Carmakers In Europe Expanding Their Global Sights


Just two short years ago, the worldwide financial crisis nearly destroyed European automakers. They are back with a vengeance, ready to compete in the global market. Fiat is creating a worldwide brand and Volkswagen wants to lead the industry.

Auto manufacturers in Europe issued a positive outlook for the remaining of 2011.

Volkswagen reported that its profits jumped three-fold between January and March 2011, reaching 1.71 billion euros. The largest automaker in Europe sold two million cars during this period, a new milestone. The German company plans to jump ahead of Toyota and General Motors to become the leading carmaker in the world by the year 2018.

Increasing demand from China enabled Daimler to experience an excellent first quarter net profit, with an increase from 612 million to 1.18 billion euros from first quarter 2010 to first quarter 2011. The new Chinese middle class purchased Mercedes-Benz automobiles, while the automaker’s heavy trucks were used for new construction projects.

Perhaps most notable was the $1.3 billion deal that increased Fiat’s stake in Chrysler from 30 to 46 percent. After Chrysler came out of bankruptcy in 2009, Fiat began managing it. Fiat provided Chrysler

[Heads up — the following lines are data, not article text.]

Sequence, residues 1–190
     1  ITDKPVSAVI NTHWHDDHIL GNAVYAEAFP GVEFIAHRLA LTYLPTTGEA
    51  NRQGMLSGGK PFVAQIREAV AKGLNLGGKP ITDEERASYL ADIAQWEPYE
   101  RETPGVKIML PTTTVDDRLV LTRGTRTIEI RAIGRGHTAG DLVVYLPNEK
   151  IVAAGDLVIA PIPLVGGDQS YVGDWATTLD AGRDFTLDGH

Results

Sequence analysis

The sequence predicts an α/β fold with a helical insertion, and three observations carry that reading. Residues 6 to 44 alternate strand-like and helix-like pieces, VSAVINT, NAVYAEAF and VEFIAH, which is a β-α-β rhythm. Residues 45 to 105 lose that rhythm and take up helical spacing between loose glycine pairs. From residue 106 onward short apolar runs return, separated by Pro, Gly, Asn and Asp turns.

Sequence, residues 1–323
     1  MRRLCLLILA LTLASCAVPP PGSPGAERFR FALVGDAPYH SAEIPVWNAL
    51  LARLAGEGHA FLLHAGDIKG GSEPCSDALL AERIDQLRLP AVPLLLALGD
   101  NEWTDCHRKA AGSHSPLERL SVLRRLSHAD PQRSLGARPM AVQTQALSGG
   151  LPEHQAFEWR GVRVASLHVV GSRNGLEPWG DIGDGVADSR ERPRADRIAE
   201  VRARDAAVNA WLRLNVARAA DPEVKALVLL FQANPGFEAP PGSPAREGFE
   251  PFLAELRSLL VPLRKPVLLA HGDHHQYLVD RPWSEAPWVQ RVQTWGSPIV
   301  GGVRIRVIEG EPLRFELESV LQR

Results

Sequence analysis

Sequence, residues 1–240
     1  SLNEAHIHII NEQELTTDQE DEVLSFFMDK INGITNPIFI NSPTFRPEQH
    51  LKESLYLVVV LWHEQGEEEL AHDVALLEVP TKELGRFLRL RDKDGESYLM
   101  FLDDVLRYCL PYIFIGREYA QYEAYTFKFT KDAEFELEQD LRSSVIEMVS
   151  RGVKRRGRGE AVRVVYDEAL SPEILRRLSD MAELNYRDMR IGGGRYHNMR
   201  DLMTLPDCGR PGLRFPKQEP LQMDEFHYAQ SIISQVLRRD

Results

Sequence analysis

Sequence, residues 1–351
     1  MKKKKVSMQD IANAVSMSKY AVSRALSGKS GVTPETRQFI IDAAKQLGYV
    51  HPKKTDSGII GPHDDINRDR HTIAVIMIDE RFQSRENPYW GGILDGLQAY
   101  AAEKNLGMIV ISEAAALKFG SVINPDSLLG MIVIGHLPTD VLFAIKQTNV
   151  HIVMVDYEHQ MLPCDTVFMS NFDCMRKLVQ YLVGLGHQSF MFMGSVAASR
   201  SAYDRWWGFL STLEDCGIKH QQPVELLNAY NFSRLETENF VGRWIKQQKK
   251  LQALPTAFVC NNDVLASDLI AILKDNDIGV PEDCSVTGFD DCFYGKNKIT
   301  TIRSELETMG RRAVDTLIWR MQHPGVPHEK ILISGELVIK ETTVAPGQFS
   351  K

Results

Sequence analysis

with technology for small cars and Chrysler exposed the Italian automaker to dealership networks in the U.S. and other areas where Fiat did not have a presence. Chief Sergio Marchionne is even considering moving the headquarters of Fiat from Italy to Detroit.

Everything is not positive, though, as the disasters in Japan have led to critical component shortages. Volvo and Peugeot-Citroen are decreasing production in Europe and the U.S. China is presenting stiffer competition for European automakers.

Chinese automaker SAIC recently launched the first Baojun brand model, allowing Chinese consumers to take out car loans for a vehicle whose intellectual property is co-owned by SAIC, Wuling Motors, and GM.